In fact, all the progressive issues of her time were hot buttons for Fannie. She spoke out on pacifism, workers’ rights, racism, poverty, and, as early as 1935, Hitler. What’s more, she wove these issues into her books. Lummox, her second novel, was written from the perspective of one of society’s throwaways — a hardscrabble servant named Bertha, whose labor keeps her employers well-housed and well-fed although she earns only condescension, humiliation, sexual assault, and a bare-bones wage. “There’s nothing right about the way the world’s run nohow,” shouts Helga, one of Bertha’s fellow servants. “Those that got the drudgery to do get the hard beds to sleep on. Those whose bones are rested from easy living get the soft beds — where’s the right of it, I ask you?”

Why would a sharp, principled feminist decide her own body was the enemy?

Yet even while Fannie was composing this howl of female outrage, she dreamed of a different body. She was about 5’6″, a stocky Midwesterner who had been an eleven-pound baby, a chubby toddler, and a plump teenager before climbing to an adult weight of 185. She did love food. In the diet book, she looks back longingly at the huge breakfasts she was raised on: “Oatmeal in a covered dish was served out with plentiful additions of butter, sugar and yellowish cream. A platter of bacon and eggs. … Toast or hot biscuits or both … hominy or grits or stacks of griddle cakes with apple jelly or molasses. Coffee and plenty of it … and, more often than not, crumb coffee cake, still hot, and thickly sprinkled with cinnamon and sugar.”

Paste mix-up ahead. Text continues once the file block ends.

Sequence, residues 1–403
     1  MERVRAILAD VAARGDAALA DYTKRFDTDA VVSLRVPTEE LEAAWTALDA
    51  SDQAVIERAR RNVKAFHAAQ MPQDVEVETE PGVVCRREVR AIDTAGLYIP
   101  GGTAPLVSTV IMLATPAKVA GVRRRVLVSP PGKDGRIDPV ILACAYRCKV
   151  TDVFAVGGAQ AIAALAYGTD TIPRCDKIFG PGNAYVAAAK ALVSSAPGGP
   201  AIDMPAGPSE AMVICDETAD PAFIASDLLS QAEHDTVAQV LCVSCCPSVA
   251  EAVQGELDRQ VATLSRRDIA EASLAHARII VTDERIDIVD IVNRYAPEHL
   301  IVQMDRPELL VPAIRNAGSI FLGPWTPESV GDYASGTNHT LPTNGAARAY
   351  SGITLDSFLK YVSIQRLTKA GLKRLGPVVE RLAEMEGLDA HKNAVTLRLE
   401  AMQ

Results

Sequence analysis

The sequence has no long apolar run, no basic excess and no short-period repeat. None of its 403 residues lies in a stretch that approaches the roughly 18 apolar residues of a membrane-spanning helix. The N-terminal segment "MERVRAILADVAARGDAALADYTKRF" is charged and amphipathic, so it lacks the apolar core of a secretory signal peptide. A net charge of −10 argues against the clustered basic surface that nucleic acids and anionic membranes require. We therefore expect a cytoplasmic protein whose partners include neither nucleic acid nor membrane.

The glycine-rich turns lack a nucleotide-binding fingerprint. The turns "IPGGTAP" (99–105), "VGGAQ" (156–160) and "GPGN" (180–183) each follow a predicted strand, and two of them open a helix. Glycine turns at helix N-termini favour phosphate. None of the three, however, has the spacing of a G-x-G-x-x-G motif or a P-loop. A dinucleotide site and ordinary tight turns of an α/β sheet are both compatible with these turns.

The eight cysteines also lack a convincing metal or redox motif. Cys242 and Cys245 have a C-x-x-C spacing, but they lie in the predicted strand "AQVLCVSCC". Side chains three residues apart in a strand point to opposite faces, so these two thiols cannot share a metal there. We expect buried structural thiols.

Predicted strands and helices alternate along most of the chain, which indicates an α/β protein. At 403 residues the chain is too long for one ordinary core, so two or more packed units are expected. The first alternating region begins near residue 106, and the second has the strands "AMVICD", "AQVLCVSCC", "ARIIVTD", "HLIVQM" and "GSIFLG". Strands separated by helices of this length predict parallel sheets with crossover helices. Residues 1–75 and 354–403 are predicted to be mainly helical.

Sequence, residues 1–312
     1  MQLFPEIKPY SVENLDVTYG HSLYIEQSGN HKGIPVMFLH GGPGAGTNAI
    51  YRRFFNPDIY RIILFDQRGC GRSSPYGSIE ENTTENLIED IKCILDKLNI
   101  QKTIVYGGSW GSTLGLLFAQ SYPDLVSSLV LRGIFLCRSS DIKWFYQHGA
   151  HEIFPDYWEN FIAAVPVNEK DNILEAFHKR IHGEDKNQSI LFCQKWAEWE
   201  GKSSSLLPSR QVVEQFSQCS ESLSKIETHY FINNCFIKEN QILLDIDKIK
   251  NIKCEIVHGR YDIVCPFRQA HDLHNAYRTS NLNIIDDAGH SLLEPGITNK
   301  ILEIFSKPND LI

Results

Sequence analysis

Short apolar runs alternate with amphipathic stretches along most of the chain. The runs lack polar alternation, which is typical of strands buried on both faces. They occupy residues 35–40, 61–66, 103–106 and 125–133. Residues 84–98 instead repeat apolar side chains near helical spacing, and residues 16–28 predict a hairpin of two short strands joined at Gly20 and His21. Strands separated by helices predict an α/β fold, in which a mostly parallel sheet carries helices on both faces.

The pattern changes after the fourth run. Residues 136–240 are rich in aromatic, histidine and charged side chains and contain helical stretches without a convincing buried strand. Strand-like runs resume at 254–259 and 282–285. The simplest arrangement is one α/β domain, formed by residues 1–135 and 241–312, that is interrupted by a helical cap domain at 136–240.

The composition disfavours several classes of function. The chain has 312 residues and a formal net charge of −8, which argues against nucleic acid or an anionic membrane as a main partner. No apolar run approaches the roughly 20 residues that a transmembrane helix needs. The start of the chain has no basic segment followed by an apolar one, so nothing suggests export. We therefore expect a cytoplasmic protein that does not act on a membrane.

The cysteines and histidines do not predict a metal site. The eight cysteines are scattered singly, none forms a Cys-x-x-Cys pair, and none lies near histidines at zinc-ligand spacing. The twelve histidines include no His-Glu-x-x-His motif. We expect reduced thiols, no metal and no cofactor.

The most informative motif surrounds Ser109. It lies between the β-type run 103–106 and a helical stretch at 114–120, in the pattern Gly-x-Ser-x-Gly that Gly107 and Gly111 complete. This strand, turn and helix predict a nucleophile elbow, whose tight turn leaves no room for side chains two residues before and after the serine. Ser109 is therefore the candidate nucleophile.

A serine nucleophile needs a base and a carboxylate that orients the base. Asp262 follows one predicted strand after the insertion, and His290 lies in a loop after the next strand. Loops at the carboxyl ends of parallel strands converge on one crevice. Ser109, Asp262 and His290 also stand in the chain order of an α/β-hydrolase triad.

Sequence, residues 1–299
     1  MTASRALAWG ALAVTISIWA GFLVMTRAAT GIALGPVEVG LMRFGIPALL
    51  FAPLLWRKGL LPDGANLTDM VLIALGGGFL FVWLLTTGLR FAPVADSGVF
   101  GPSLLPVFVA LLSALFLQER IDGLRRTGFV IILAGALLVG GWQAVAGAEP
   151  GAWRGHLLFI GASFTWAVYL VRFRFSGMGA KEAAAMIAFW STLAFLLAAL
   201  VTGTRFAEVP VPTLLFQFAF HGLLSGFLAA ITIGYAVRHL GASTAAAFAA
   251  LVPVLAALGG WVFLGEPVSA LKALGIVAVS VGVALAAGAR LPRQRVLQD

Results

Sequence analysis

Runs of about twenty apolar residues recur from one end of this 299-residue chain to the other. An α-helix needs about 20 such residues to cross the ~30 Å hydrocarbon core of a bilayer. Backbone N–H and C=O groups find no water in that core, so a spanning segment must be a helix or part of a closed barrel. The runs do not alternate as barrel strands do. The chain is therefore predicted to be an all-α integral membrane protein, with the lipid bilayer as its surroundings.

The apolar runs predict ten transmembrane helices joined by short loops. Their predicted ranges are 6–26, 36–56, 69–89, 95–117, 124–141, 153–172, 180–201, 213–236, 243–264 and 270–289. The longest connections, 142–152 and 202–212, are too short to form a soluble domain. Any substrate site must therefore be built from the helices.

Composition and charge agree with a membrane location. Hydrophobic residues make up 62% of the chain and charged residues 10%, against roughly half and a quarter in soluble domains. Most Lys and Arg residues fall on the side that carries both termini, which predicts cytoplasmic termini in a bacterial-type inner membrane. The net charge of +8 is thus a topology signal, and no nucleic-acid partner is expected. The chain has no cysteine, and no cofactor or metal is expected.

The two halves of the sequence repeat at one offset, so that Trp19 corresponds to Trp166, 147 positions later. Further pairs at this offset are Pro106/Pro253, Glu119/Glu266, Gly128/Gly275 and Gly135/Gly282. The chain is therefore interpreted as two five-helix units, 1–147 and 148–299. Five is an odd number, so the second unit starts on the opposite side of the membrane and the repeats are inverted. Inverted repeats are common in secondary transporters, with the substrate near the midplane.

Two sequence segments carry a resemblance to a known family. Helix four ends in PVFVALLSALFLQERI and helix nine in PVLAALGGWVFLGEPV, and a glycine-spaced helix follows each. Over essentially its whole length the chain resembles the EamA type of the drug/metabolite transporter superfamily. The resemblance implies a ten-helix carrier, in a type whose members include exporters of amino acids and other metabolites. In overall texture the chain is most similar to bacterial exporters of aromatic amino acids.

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Dieting was becoming a national fetish when she discovered it in 1922, at the age of 37. Until then, she hadn’t worried too much about her size: she was wealthy enough to rely on an exotic wardrobe of draped and swathed fashions that hid her shape. But the ’20s ushered in narrow-cut clothes and boyish figures, so she started taking long walks and exercising at home. She didn’t change her eating habits, though, until the day she went out to lunch with a “slim and lovely” friend. As the waiter set down Fannie’s first course, a bowl of cream-of-celery soup, her friend began to nibble at her entire meal, which was an order of plain spinach. “I died that day,” Fannie wrote in No Food With My Meals, “of shame.” She studied up on the new science of calorie-counting and launched a meager diet:

Breakfast: half a grapefruit, two poached eggs, coffee

Lunch: 3 ounces of lean meat and a pile of leafy vegetables

Dinner: the same as lunch

Snacks: none

Not surprisingly, it worked. A little protein, low glycemic index — celebrities still promote diets like this. Like millions of women before and since, she fell in love with the way the pounds dropped off and decided to eat even less. Revised diet:

Breakfast: half an orange and black coffee

Lunch: lettuce

Dinner: 3 ounces of lean meat and a pile of leafy vegetables

Snacks: black coffee